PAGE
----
Whether you are taking the reigns from a previous developer or starting from scratch on an existing server, it is a good idea to do a little recon first. Researching the site, host and registrar will help you come up with a more accurate estimate and anticipate any hurdles.

The first and easiest step would be to just reach out the client and request any information they can provide regarding hosting and domain registration. If they don’t know this information or you want to conduct your own research, it’s time to do some sleuthing. Below are a few handy tools that help you research a site without diving into the command line.

Site Profile

With BuiltWith you can quickly get tons of useful information about a website and it’s server. Simply enter the site’s URL and get a profile with information such as:

  • Server Information – Apache, Nginx, IIS, etc
  • Frameworks – PHP, ASP.NET, etc
  • Analytics and Tracking – Google Analytics, etc
  • JavaScript Libraries – jQuery, HTML5 Shiv, etc
  • Hosting Provider – Sometimes available, if not read the following titled Hosting Provider
  • Nameserver Provider – Sometimes available, if not read the section below titled Registrar
  • CMS – WordPress, Drupal, etc
  • Widgets – Typekit, WordPress plugins, etc

Try going to builtwith.com now and try it out for yourself. It’s super handy and a good first step when analyzing a site.

Hosting Provider

Depending on the technical requirements of your site or application, the capabilities of the host server could play a major role. At the onset of a project it important to find where the site is hosted and what service plan the client has with them.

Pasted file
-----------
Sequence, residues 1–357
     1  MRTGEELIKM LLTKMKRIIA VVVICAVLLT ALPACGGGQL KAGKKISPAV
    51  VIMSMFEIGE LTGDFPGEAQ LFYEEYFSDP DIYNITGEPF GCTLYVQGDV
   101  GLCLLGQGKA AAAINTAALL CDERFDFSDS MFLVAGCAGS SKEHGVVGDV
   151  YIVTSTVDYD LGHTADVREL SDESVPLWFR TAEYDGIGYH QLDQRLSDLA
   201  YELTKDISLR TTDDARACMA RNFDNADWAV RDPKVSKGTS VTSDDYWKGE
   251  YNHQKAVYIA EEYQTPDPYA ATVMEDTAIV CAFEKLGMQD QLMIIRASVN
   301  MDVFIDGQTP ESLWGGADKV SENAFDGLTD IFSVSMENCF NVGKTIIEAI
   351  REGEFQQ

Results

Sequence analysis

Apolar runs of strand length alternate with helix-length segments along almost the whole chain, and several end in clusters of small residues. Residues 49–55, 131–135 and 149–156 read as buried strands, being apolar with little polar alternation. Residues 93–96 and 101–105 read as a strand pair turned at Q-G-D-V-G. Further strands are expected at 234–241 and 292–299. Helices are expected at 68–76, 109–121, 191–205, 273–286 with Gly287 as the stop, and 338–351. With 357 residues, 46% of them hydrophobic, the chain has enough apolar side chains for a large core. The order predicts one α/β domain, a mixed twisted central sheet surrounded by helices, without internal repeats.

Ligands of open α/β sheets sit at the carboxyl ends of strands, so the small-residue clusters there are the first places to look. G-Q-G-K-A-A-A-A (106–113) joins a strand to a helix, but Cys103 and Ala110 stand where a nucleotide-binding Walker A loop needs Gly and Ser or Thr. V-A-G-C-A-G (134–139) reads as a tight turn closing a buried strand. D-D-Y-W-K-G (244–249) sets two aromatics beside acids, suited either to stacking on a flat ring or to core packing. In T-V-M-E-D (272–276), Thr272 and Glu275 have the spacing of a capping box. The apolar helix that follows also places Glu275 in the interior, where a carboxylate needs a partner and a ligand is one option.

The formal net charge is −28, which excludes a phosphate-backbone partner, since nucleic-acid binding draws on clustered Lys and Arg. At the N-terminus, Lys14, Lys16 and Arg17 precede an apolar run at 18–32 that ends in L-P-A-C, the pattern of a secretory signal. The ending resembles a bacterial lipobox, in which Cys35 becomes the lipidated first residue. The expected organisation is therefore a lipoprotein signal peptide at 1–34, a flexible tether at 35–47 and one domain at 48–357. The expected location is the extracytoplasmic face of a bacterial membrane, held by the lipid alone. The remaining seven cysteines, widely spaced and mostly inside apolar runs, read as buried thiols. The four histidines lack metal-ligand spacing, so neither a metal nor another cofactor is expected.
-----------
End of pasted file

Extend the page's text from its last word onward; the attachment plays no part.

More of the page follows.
Ideally the client can provide all this information for you. However, in the event they lost this information, determining the company which is hosting a website is made easy with www.whoishostingthis.com. This site does a good job determining the host for shared accounts and even for companies that use Amazon EC2. Armed with this information your client can hopefully help track down the login credentials for their host.


Knowing who registered the domain and where is very important if you plan on migrating to a new server. Without access to the registrar, you will be unable to update DNS or transfer the domain.

To lookup domain information, try going to whois.domaintools.com/. Enter the domain and click the “lookup” button. On the following page there will be a series of tabs. The “Whois Record” tab will give any publically available information about the person who registered the domain. The “Registration” tab will list the Resgistar. Since most domain name registrars include a DNS hosting service with registration, knowing the registrar will most likely point you in the right direction towards managing the domain name.

Trusty Old Inspector

Browser inspectors are great for unearthing more detailed information such as what themes, scripts, plugins or modules a site is using. In Chrome for example, after firing up the inspector, go to the “Resources” to see what JS and stylesheets are loaded. It’s possible the site is already implementing certain libraries, plugins or reset stylesheets.

Also, be sure to view the source and look at the head and before the closing body tag. It is an easy way to see the paths of any themes or add-ons a site is using. Looking at the stylesheet’s path should reveal a parent directory containing the name of the theme. For example, take a look at the path of this style.css:


This file lives directly in the twentytwelve directory highlighted in bold. A quick google search for “Twenty Twelve” will reveal tons of more information about that theme and even let you download the code for free.


There is a plethora of information that is available about every website online. This information not a secret, it is available because your browser requires it in order to serve up a site. If you have the right tools, you can figure out how a site is built, who registered it and where it lives. The above links provide a quick and easy way for developers and non-developers to analyze a site. So go out there and start doing some website recon!